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By hook or by crook?

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The Trouble is, in a civilized, society, where we cherish our freedoms, Just because we don't like someone, or like what they do, and I don't like him either, We can deny someone else theirs. You cannot change the rules for one man. Sadly people will take advantage of free speech and our other freedoms.

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Think he fled Jordan to seek assylum here, which implies he thought this Country to be a place of safety. Then he proceeds to go out of his way to make it a very unsafe Country. So don't you think the host should decide who s/he has in his house? :unsure:

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The decent law-abiding citizens of this country must be left to fear actions created by this "Cleric" due to his human rights out-trumping those of the innocent.

There is basically no way this man will ever be deported thanks to our inclusion of the Human Rights 1997 incorporating the ECHR. How anyone except the Liberal Loonies can think this is correct is beyond me.

And still the Tories won't consider giving us a vote on membership of the EU/ECHR, that is why they will lose votes to UKIP, well mine at the very least (and my wife).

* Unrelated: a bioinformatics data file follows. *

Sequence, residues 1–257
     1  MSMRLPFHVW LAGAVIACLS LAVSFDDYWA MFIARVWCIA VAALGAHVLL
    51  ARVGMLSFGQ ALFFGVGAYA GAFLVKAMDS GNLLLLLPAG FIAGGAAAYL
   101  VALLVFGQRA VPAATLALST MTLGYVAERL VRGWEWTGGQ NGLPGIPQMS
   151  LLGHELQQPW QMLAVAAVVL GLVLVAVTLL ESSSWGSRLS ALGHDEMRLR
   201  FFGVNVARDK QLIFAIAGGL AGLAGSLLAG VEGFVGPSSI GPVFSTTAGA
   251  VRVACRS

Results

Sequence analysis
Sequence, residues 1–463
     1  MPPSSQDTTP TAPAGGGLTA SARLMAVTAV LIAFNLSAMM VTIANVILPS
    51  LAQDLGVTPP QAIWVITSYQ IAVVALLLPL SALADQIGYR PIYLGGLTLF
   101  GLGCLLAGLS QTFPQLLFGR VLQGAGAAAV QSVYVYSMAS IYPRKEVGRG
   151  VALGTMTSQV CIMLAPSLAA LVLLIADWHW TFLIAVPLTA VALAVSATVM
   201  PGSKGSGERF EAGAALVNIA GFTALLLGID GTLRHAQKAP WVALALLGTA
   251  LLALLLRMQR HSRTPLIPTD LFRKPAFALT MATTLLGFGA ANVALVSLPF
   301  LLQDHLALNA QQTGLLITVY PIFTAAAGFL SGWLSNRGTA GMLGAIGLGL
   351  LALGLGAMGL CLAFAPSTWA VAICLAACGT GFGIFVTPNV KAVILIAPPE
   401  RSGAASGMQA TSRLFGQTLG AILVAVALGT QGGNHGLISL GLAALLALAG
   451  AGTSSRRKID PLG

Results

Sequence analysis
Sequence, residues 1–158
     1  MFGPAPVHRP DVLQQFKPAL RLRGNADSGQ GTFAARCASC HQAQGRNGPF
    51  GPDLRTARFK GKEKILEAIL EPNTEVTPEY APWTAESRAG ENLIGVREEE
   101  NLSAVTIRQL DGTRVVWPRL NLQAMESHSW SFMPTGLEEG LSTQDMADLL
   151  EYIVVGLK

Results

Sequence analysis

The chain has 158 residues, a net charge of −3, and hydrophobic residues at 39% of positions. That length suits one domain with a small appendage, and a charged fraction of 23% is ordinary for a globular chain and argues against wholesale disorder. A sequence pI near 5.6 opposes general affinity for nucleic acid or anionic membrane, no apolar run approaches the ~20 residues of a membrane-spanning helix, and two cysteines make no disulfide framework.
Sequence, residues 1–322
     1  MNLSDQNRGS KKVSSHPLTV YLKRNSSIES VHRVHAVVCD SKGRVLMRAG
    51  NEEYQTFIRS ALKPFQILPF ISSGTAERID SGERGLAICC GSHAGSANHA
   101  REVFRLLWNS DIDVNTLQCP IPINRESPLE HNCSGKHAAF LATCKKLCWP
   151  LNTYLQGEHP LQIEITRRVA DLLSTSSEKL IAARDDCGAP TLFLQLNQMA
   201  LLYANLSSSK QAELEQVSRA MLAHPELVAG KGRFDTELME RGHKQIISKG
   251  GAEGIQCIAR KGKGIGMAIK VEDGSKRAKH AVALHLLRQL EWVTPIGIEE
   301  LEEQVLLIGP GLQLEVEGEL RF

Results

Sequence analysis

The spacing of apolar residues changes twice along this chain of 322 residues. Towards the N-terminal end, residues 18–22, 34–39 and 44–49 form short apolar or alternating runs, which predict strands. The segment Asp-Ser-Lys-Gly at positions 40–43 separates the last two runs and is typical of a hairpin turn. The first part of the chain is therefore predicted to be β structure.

Absolutely bonkers the judges of this country whatever court you consider.

 

and just in case you missed it Kije.... answer Dizzys question:

 

"Just out of interest LtK ... do you think it's right that he's still in the UK and that we are paying to keep him safe just because he 'may' not get a fair trial if he is deported ? Surely he gave up any rights for that years ago anyway having followed the path he did"

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Quote from another forum, who's members to a man and women wish to do him harm!.

 

Seriously, what would be so difficult about abducting this turd of a human, loading him onto a C130, and "accidentally" dropping him off the rear ramp mid-Atlantic?clap-animated-animation-clap-smiley-emoticon-000340-large.gif

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wonder if the jordanian courts cold bring an actin against the british courts for defamation. They say they will not use evidence obtained by torture and our courts are basically saying they are lying. Now if that happens and it is found that the jordanians were telling the truth then there would be no problem with him being deported. :mellow:

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As I said I do not like him, but at the moment he has not broken any UK law. Which is something people forget.

 

I wasn't asking if you 'liked' him Lt I asked whether you thought it was right that....<scroll up to read my question again>

 

I have not forgotten about the 'not breaking any UK laws' bit as I mentioned it here

 

We might aswell have a big flag on our UK borders saying 'terrorists welcome and we will protect you blah blah blah AS LONG AS you have never committed any known crime or attrocities in the UK' :roll::evil: